2018–2019 Departmental Sustainable Development Strategy
1. Context for the Departmental Sustainable Development Strategy
Although the Office of the Information Commissioner of Canada (OIC) is not bound by the Federal Sustainable Development Act and is not required to develop a full departmental sustainable development strategy, the OIC adheres to the principles of the Federal Sustainable Development Strategy (FSDS) by implementing the Policy on Green Procurement.
The Policy on Green Procurement supports the Government of Canada’s effort to promote environmental stewardship. In keeping with the objectives of the policy, the OIC supports sustainable development by integrating environmental performance considerations into the procurement decision‑making process through the actions described in the “FSDS goal: low-carbon government” table in section 2, below.
2. Commitments for the Office of the Information Commissioner of Canada
FSDS goal: low-carbon government
|FSDS target||FSDS contributing action||Corresponding action(s)||Starting points where available and performance indicators for actions||Programs where the actions will occur|
Reduce Greenhouse Gas (GHG) emissions from federal government buildings and fleets by 40% below 2005 levels by 2030, with an aspiration to achieve it by 2025.
Support the transition to a low carbon economy through green procurement.
Compliance with access to information obligations
3. Integrating sustainable development
The OIC will continue to ensure that its decision-making process includes consideration of FSDS goals and targets by promoting eco-friendly practices.
Support the transition to a low-carbon economy through green procurement
The OIC supports clean technologies and green products and services by taking environmental considerations into account in purchasing decisions. The OIC’s approach is to continue leveraging instruments established by Public Services and Procurement Canada designed to meet federal government green procurement standards.
Promote sustainable travel practices
The OIC promotes sustainable practices for employee travel—including business travel and commuting to work—such as teleconferencing, telecommuting, carpooling, and the use of hybrid and electric vehicles, and public transportation. When feasible, the OIC encourages the selection of offsetting options to reduce the impact of government travel. For example, the OIC uses video conferencing as an alternative to travel to reduce its carbon footprint.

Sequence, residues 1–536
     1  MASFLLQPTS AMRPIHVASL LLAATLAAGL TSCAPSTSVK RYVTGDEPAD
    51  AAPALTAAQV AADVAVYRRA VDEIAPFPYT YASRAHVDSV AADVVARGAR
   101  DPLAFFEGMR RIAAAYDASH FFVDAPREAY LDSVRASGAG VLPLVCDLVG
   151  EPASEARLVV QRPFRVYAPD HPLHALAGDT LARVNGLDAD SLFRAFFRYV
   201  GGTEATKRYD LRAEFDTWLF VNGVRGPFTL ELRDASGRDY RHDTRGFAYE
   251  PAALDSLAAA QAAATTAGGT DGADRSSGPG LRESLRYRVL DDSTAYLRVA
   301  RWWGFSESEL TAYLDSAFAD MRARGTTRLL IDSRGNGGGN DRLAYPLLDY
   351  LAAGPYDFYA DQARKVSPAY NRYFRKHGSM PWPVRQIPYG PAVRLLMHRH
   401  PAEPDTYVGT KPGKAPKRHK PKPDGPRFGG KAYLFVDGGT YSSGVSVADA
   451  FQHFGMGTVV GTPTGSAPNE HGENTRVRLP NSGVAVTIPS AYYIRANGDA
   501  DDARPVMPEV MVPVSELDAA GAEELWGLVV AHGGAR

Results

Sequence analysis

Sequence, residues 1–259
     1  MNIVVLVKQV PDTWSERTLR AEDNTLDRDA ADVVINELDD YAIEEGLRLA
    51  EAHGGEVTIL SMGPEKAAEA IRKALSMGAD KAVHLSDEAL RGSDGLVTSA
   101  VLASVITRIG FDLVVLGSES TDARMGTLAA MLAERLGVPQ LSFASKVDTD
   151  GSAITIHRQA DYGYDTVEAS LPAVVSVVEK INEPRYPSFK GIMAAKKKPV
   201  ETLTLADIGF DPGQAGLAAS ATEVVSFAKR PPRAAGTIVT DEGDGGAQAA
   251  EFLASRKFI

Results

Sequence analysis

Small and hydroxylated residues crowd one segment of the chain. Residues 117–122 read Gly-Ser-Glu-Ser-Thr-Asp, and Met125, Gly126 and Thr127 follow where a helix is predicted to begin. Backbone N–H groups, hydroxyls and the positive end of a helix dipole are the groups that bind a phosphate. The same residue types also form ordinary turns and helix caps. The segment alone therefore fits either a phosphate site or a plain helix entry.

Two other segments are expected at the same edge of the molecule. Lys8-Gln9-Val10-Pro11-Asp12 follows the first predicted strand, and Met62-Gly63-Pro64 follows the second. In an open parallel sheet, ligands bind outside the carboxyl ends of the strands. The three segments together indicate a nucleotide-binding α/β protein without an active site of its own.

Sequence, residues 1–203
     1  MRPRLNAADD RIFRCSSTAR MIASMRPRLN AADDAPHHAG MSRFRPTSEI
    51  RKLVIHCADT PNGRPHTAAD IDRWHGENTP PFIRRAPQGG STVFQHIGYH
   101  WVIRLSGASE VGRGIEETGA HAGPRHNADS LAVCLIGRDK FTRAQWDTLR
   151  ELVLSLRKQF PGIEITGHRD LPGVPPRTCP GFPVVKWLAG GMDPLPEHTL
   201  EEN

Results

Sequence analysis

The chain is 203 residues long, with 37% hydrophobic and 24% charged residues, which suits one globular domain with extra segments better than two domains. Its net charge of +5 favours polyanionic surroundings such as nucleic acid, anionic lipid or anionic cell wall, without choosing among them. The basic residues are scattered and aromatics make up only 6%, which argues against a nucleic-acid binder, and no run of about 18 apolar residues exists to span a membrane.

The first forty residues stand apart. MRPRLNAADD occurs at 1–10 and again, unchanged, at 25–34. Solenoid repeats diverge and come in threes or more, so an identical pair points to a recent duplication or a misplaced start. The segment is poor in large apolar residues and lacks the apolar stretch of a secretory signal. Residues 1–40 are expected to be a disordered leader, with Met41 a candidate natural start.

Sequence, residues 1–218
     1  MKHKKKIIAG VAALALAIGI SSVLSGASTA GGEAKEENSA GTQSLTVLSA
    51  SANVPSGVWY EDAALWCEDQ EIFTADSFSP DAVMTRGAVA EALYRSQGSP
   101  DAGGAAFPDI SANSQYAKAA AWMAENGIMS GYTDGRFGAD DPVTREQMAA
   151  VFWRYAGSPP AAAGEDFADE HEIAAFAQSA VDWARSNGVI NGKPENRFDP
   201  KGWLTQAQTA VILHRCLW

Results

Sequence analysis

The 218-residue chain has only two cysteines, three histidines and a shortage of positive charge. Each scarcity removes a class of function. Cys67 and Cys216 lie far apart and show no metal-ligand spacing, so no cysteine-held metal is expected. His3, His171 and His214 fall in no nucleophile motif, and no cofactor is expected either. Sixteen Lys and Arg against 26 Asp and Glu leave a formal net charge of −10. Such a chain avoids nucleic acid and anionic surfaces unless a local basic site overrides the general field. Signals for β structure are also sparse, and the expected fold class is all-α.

The OIC operates in a Workplace 2.0 environment. Workplace 2.0 allows for much smaller work areas with a more open and bright workspace by constructing fewer walls and locating offices and meeting rooms along the core—away from perimeter windows. As a result, the space has better natural light and air circulation for all occupants. In turn, this reduces the workload on the buildings’ heating/ventilation/air conditioning system.
Reduce, reuse and recycle
The OIC sets its multi-function devices’ to double-sided and black and white printing as the default. Purchased paper and toners contain recycled materials. Empty toner cartridges are also recycled. Currently, old computers are sent to Computers for Schools, while other surplus items are sent to GC Surplus.
Promote responsible disposal
The OIC continues to ensure that surplus electronic and electrical waste (e.g. batteries, networking equipment and electrical wiring) are handled in an environmentally appropriate manner.
All employees have recycle bins at their workstations and a recycling centre is located in the main kitchen.
The OIC will continue to ensure that its decision-making process includes consideration of FSDS goals and targets through its Strategic Environmental Assessment (SEA) process. A SEA for policy, plan or program proposals includes an analysis of the impacts of the given proposal on the environment, including on FSDS goals and targets.
Public statements on the results of the OIC’s assessments are made public when an initiative that has undergone a detailed SEA is announced on the OIC website. The purpose of the public statement is to demonstrate that the environmental effects, including the impacts on achieving the FSDS goals and targets, of the approved policy, plan or program have been considered during proposal development and decision-making.